Luna is an award-winning horror short directed by Ross Williams and starring Zoe Williams. The film was shot on a small budget of 3k could be considered a passion project by director Ross Williams.
The ghost-girl trope is something most horror fans are familiar with. Originally a staple of Asian horror films, breakout hits like The Grudge and The Ring made the genre popular with more western audiences. The myth originally stems from Japan, where this specific kind of ghost is referred to as Yūrei (幽霊). Most common depictions have the matt-black hair draped over the face, the white clothing, and the outstretched hands. Luna tries to put a modern (and western) twist on the trope and—in my humble opinion—does a pretty decent job thereof.
It’s easy to see why Luna has picked up a Best Cinematography award at the Oregon Scream Film Festival; the short is beautifully shot and impeccably edited. Even the copy that we were sent for review was high quality and visually fantastic—something I always appreciate. Many shorts are too dark, too shaky, too blurred, or a combination thereof to make up for the small budget and the cheap effects. Luna is details and high-definition; a film that wants you to watch it.
Zoe Williams does a great job in the title role; her walks, crawls and cackles all top-notch and honestly impressive for such a young star. The film’s runtime barely hits the eight-minute mark so it’s really hard to objectively comment on the rest of the cast as most have several seconds of dialogue at best. That said, the short has a very crisp, clean, and professional feel…though I must say I found Miss Williams a little too cute to be creepy.
The film is set to premiere on October 25th on the director’s YouTube page with the countdown currently running (click “page”). It’s definitely worth a watch so give it a bookmark and look forward to some wholesome family horror. Thanks for reading and as always, stay sordid. Director bio, backstory, and inspiration posted below.
Ross Williams grew up in Scott Valley, California during the 80’s. As a kid, he was deeply influenced by the movies he saw on HBO, but it wasn’t until his mid-twenties that he figured out he wanted to make films of his own. In 2002, his first short film “eRATicate”, a super-8, B&W horror-comedy about a pair of killer rats, garnered him a few film festival awards and some mild attention. He’s been largely ignored since. But for the past 12 years, he’s soldiered on, writing, directing & editing narrative films, documentaries, music videos and commercials, mostly so he can laugh at his own jokes. He lives in southern Oregon with his wife and two kids, where he owns and operates XRATS Productions, producing local commercials, product videos, business profiles and the like. He continues to dream big, hone his craft and always looking for new ways to stretch his filmmaking dollar. He’s slowly working towards making his first feature film. Find his work at http://www.XRATS.net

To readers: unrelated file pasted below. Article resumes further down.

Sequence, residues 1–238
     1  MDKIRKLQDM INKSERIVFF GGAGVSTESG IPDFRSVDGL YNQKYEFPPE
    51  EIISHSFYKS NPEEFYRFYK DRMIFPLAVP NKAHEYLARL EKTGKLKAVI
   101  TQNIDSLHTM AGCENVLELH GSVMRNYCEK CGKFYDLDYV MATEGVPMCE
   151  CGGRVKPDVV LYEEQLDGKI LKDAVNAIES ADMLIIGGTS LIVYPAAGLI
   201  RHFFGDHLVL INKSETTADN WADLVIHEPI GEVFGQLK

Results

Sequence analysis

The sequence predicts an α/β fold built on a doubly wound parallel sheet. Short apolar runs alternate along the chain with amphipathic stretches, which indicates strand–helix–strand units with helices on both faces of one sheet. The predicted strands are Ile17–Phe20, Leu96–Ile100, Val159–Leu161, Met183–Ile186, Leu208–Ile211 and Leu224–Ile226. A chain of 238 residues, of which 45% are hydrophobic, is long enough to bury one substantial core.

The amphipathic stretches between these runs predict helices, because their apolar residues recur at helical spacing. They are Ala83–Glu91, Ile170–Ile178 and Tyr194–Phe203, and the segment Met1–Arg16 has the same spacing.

Luna is a new horror-short film from director Ross Williams and XRATS Productions. It is being released on October 25th, 2019 on XRATS YouTube page https://youtube.com/xrats. The film debuted at the Ashland Independent Film Festival in April of 2019. It played at ten film festivals around the country and won two awards, Best Cinematography at the Oregon Scream Week Festival and Best Supporting Actress for Zoe Williams at Videoscream International Film Festival. The film was shot in Etna, California over three days in November 2018 with a small crew and a budget of about $3000.
The film was inspired by my daughter Zoe when she was about six years old. She could creep my wife and I out by sneaking into our bedroom or just looking at us strangely. One time while we were camping my wife took a photo of her in shadow, with her hair all crazy, and she looked like a ghost. I’ve been making films for almost 20 years now, and I love horror films in particular, so that image inspired me to make a movie with her as the ghost. There are so many films with little kid ghosts, so I wanted to come up with my own spin on it, something that would play with the genre. I don’t want to give away the idea that I came up with, so the film isn’t spoiled, but once that idea came, I just had to make the film. I wrote a script, but it took a couple more years to actually make, I wanted her to be older and more directable, plus it takes a lot of time and effort to make a film with no budget.
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